In a conversation moderated by Paul D. Roberts, Liberty Networks assembled a panel of leading telecommunications experts to weigh in on these macro trends:

  • Daniel Abraham (Digitel)
  • Javier Villamizar (Solistica)
  • Rolando Roncancio (Universidad de la Sabana)
  • Tomislav Topic (Telconet)
  • Jeff Loucks (Deloitte)


"With the change in new technologies, customers are increasingly looking for us to push the boundaries of what’s possible," shared Abraham.

The last couple of years have led Villamizar’s team to see an increased focus on technology such as cloud computing and storage. But he noted that cybersecurity, corporate governance, and environmental sustainability have also been important focal points.

Tomislav shared that Telconet is developing its proprietary LLMs. The company is working alongside officials in Ecuador to analyze footage from 20,000 cameras. "Tools like co-pilot are only growing, and we’ll continue to need more programmers."

With talent in mind, Roncancio emphasized the importance of education. "We have to use tech, but we also have to develop the people who are going to create the technology and use it," he said. 

For his part, Loucks shared that we should be prepared for an upcoming shift in the world of content. "The whole idea of what entertainment is, what it costs – these paradigms are blowing up."

How does Liberty Networks see the future?

The event also offered an opportunity for two of Liberty Network’s leaders – Carmine Sorrentino (VP, Chief Commercial & Operating Officer, Wholesale) and Daniel Neiva (VP, Chief Commercial Officer, Latin America B2B) – to provide the company’s insights on how these macro trends will affect the telecommunications space in a conversation with Daniel Torras from Altman Solon.

"It is very important to have international connectivity," shared Sorrentino. "Look at the volume of users – they’re always more omnipresent, and the volume of data is increasing exponentially," added Neiva.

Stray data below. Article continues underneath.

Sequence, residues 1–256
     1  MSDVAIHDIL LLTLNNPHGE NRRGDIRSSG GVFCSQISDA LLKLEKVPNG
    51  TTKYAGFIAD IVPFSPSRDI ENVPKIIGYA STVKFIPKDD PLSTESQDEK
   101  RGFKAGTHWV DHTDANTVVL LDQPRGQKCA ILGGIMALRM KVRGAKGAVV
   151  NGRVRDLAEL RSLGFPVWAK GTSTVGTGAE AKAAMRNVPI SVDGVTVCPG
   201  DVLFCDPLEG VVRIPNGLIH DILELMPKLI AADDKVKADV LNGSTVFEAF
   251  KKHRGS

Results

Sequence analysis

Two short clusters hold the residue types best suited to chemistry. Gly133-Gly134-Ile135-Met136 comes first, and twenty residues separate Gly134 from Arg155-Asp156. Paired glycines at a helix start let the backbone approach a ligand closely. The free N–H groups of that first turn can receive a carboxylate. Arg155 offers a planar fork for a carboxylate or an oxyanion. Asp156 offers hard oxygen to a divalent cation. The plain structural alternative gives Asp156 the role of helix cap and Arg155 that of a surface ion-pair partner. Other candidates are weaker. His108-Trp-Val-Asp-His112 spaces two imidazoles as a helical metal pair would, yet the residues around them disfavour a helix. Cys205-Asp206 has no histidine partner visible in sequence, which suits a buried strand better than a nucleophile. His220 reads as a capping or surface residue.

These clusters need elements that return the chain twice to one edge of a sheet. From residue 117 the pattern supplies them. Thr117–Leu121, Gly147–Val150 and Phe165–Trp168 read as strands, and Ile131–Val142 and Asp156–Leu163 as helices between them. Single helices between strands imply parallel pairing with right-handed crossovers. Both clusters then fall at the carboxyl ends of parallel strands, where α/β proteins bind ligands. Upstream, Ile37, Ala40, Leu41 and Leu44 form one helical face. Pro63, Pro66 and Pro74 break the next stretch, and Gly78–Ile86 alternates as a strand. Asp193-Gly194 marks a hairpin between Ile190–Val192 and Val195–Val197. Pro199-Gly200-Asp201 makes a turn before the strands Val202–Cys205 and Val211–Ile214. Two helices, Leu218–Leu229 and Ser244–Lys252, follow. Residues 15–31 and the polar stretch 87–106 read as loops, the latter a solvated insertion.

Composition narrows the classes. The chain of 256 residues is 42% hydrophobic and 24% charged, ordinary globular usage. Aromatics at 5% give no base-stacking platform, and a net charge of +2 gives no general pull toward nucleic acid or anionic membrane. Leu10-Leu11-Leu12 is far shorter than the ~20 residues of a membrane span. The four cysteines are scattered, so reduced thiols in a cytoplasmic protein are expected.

That’s exactly why Liberty Networks is preparing for this future growth, both through the constant expansion of our network and the innovative mindset that guides everything we do.

"There are many barriers we’re facing: electricity, multi-cloud environments, access to talent," noted Sorrentino. But Liberty Networks is prepared to adapt to and thrive in this new normal alongside our global partners. 

Follow our LinkedIn page for more insights from this year’s LINKS event.


Liberty Networks is a leading infrastructure and enterprise connectivity provider in Latin America and the Caribbean, connecting approximately 40 countries with nearly 50,000 kilometers of submarine fiber optic cable and 17,000 kilometers of terrestrial networks. At Liberty Networks, we partner with enterprises, carriers, and business communities, leveraging our expansive network infrastructure, next-generation solutions portfolio, and data center network to provide a solid foundation that enables business success across the region. To learn more about Liberty Networks, visit and follow us on LinkedInX, and YouTube.


Liberty Networks
Media Relations:

Claudia Restrepo